See below description for a summary of stuff talked about in the lecture.
Obesity is a condition of excess fat accumulation in adipocytes where the person is literally stuck in storage mode diverting a disproportionate amount of calories into fat cells as opposed to oxidation. Thus it is more productive to think of obesity as a problem in ‘energy flow’ rather than energy expenditure (i.e., calories in, calories out).
The most efficient approach to accelerate the body’s ability to access and burn body fat is to restrict dietary carbohydrate while increasing fat intake for a period of several weeks, after which fatty acids and ketones become the primary fuel at rest and during submaximal exercise.
The coordinated set of metabolic adaptations that ensure proper inter-organ fuel supply in the face of low carbohydrate availability is referred to as keto- adaptation. This unique metabolic state has recently been shown to have widespread and profound therapeutic and performance-enhancing effects ranging from reversing type 2 diabetes to shrinking tumors to allowing ultra-endurance runners to set course records.
This presentation will discuss the physiologic effects of very low carbohydrate diets with an emphasis on their unique effects on both features of metabolic syndrome and human performance.
I wrote these down as the video played, hopefully caught the essence in shorthand fairly well without making stuff up.
- LC diets remain a fringe concept
- scientists don’t like to admit being wrong
- cognitive dissonance
- politics trumps science
- but they are coming around, and will likely advocate LC eventually
- Sweden first country to embrace HFLC diet as national guideline – Oct 2013
- The obesity epidemic
- increasing despite ridiculous amount of effort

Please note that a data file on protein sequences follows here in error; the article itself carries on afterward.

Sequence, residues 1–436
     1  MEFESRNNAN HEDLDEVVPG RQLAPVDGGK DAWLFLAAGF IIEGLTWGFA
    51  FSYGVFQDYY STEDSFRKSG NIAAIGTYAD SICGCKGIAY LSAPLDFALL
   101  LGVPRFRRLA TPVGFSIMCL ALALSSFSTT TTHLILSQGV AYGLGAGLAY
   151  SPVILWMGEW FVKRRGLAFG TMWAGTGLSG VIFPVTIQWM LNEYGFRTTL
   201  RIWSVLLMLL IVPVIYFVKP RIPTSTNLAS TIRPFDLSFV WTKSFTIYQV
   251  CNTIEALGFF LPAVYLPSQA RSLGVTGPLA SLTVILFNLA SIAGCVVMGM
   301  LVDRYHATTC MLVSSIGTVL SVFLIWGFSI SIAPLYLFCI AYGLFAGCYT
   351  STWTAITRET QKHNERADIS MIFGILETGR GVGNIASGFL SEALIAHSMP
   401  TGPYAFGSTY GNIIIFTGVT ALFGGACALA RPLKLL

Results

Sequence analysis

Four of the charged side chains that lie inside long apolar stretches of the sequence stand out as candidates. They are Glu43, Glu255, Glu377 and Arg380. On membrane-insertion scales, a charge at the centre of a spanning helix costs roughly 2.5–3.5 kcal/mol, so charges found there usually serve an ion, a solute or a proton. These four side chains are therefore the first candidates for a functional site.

- Exercise and weight loss
- identical twins, exercise twice/day for 2 hours – 624kcal
- huge variability overall, but concordance within twin-pairs, response is almost completely down to genetics
- exercise for health, not to lose weight
- One size fits all approach (pyramid/myplate)
- but doesn’t particularly fit much of the population at all
- need to personalise nutrition
- Carbohydrates – not just fuels; potent metabolism regulator
- wide range of carbohydrate tolerance
- evolved with a hugely limited carbohydrate intake
- very wide variability between people with more carbs, but variability in response on very low level of carbs, very conserved trait
- History of last 40 years
- massive increase of carbohydrates
- funnily enough – obesity and degenerative diseases too
- Blood glucose levels
- 2 teaspoons/8g in average
- average carby meal has 10x that
- Fate of carbohydrates
- healthy person takes up to muscles and glycogen
- too much increases lipogenesis (creation of fat)
- VLDL’s and saturated fat – palmitic acid
- cascade of collateral damage -> metabolic syndrome
- Insulin resistance = carbohydrate intolerance
- higher tolerance means more diet options
- ¾ of Americans are somewhat carb intolerant
- Atkins vs Ornish diets
- LC always lost plenty of weight regardless of intolerance
- LF sometimes lost weight, much more variable
- Carbohydrate intake is biggest factor in determining glucose vs fat based metabolism
- fat metabolism associated with cancer regression, life extension, etc
- Insulin most important inhibitor of lipolysis
- small reductions in insulin = dramatic impact on fat burning
- Carbs => sugar spike => insulin spike = sugar crash
- insulin spike blocks fat release
- Ketones very important evolutionarily
- big player in surviving throughout history
- most important role is feeding the brain
- ketone terminology
- ketosis loosely known as blood levels > 0.5 mmol/L
- Adaptation takes several weeks to months
- optimal ketone levels are 0.5-3.0 mmol/L